Jack of all Trades, Master of Many: Debunking the Specialist Myth

fighting slp burnout

This is a story about an SLP who works in the school systems. She looked up to her professors in grad school and wanted to be just like them. She thought she wanted to specialize and work in the medical settings.

But after her post graduate interviews, she got two offers from school systems. And none from medical settings-so schools it was.


“Now what?” she thought.  She wanted to focus on a niche, so she could be an expert. She wanted to be just like her role models who were really good at what they did because they had a lazer-sharp focus on one specific type of client.

How could she possibly do that in the school systems? How could she be effective when she was spread so thin, needing to address so many different types of clients?

“It’s okay,” she thought. “I’ll just stay in this position for a year or two, and then move on. Then I can pick a niche.”

But that’s not what happened. She found herself in the same position over 10 years later. She felt constantly scattered, convinced that it was impossible to be really good when you have to focus on more than one type of client. She felt purposeless, confused, and often wondered if she was doing the “right” thing for her students.

If you haven’t guessed, “that SLP” is me.

Over and over again, the idea was pounded in to my head by my mentors: Pick your focus. Find your niche, and stick with it. Label yourself, decide what you are. Are you a fluency specialist? An AAC expert? A linguist? Are you one of those “oral-motor” people? You have to choose! You can’t possibly be good at all those things!

So I adopted the “Jack of all trades, master of none” mindset, and convinced myself that I was doomed to fall in to this category forever. I was going to be stuck limping along, feeling insecure about my clinical judgement because I’m in a position that requires me to cover so many different cases.

But then I watched a TEDx talk by Emilie Wapnick that changed everything for me and made me realize I ended up doing exactly what I was meant to do. Emilie added a new word to my vocabulary: Multipotentialite.


A multipotentialite is a term that refers to someone who excels in two or more different fields (Fisher, 2010). You can check out Emilie’s blog here.

I think this applies to many of us, because we have so many different skills within our scope of practice it’s almost like being in multiple “fields”. We go from fluency students, to voice clients, to students with limited verbal abilities, to students with a language based learning disabilities, to student with a social pragmatic disorders…

These cases ALL require very different skill sets.  Some of us cover this span on a daily basis…not just because we want to, because we HAVE to.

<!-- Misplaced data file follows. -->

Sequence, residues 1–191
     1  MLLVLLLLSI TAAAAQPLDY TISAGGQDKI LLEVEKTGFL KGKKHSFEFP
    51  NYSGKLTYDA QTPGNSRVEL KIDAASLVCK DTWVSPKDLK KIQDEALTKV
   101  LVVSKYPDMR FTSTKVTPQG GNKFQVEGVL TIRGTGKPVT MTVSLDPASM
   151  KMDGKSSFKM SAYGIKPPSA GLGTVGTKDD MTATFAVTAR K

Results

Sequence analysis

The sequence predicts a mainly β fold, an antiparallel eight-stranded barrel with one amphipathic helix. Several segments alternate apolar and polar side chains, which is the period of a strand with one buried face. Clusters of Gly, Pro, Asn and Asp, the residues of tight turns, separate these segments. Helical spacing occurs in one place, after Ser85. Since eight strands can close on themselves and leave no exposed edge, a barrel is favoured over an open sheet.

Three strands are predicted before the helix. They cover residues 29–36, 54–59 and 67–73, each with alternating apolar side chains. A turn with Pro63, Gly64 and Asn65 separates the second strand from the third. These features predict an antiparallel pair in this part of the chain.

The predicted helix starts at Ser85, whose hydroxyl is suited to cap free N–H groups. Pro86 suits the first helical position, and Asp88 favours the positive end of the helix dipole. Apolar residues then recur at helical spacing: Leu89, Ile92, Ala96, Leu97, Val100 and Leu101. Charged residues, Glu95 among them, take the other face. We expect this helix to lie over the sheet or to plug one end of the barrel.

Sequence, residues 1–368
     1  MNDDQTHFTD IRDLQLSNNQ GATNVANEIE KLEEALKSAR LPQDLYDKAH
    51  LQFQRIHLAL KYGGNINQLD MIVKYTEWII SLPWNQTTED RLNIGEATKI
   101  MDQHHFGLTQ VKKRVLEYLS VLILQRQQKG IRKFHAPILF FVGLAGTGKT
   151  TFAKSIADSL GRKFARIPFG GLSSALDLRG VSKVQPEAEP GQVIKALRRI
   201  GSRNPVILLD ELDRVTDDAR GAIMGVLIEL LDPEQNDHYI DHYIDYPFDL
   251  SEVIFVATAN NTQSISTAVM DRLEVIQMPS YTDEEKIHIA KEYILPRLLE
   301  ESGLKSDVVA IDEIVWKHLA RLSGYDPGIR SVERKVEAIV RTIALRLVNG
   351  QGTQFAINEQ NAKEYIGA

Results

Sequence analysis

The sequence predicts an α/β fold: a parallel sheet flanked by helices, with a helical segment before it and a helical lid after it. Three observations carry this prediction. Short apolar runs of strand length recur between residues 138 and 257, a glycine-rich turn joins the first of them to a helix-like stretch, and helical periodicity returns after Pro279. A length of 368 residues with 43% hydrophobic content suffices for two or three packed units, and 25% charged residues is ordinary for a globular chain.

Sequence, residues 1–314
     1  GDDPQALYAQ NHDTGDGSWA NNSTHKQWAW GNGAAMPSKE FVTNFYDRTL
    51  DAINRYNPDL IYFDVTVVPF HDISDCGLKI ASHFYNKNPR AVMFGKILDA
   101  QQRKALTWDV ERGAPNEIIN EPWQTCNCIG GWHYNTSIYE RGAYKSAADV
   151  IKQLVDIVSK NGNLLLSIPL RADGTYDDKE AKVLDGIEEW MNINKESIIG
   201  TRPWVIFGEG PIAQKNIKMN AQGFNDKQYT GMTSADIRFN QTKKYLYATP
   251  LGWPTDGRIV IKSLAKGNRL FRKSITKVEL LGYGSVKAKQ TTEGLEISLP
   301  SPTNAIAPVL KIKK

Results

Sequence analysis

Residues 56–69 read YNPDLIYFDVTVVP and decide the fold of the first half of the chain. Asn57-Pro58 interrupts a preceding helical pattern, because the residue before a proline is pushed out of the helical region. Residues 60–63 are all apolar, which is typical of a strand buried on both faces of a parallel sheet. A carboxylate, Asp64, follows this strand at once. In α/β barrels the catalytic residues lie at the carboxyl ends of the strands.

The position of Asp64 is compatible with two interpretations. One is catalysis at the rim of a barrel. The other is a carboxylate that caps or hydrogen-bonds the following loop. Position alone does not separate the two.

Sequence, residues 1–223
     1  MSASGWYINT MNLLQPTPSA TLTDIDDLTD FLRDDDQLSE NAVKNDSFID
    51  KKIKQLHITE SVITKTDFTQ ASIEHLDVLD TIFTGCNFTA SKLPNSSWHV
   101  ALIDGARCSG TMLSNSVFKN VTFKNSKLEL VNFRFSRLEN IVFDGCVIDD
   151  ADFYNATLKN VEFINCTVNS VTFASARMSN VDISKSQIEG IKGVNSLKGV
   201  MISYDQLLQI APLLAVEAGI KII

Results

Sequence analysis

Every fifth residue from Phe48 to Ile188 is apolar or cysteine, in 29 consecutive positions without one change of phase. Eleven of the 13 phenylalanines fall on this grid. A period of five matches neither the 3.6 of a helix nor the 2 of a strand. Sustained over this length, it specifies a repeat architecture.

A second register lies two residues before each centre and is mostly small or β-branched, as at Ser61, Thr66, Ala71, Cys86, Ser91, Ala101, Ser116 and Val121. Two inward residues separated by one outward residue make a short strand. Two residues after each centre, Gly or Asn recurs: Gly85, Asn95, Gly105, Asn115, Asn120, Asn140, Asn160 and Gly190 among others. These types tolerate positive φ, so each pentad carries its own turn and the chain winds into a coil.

There are some side effects to being a multipotentialite.

Overscheduling. Sound familiar?

High stress levels. Um…yeah…sounds like a day in the life.

Confusion. How many of us wonder daily if we are competent and doing “evidence-based” techniques…or if we’re just winging it?

Feelings of purposelessness. Is what I’m doing actually helping these kids? Am I really making a difference?

Failing to complete projects. Let’s sign up for this seminar or buy this new product/app…and we’re going to change everything and meet all of our therapy goals for next year and come in to work an hour early every day and have weekly meetings about all of our students and keep that happy smile on our faces all year long…oops…we fell off the wagon again.

If you fall in to this multipotentialite category you’re among friends, and it’s time to clear the air about what this actually means.

Contrary to popular belief, you don’t have to be specialized in one area to be really good at what you do. “Diverse skill-set” does not mean “less-skilled.” So why do we believe otherwise?

Probably because someone came up with the phrase, “Jack of all trades, master of none,” it stuck-and many of us believe it to be true. I’m telling you that you don’t have to accept this philosophy.

There isn’t something wrong with you because you enjoy having a diverse caseload. Maybe you ended up in this setting by choice, or maybe you ended up in the “mulitpotentialite” lifestyle because that’s where you were offered a position. Regardless, don’t feel that you aren’t as skilled as a “specialist” because you work with tons of different cases.

I challenge you to adopt a new phrase, “Jack of all trades, master of many.”

I’m not saying that being a specialist is a bad thing. SLPs who are in a specific niche do exceptional work, and are necessary to the field-but that isn’t how all of us are wired.

The thing is, some of us are meant to be experts in multiple areas.  If this is you, the world needs you.

Let me say that again; We need you! Your students need you! To be without would be a travesty.


Despite the prestige associated with being a specialist and the pressure to do so, embracing your “multipotential” can lead to phenomenal results. Being able to modify techniques to fit multiple types of client and demonstrating flexibility requires creativity and problem-solving skills.

The ability to move quickly from one thing to the next is a gift. You’re used to feeling uncomfortable, which means you’re likely to take risks and innovate…which can result in life-changing ideas.  Every existing therapy technique in the “books” originated from a clinician in your shoes, and you’re in the position to follow in their footsteps.


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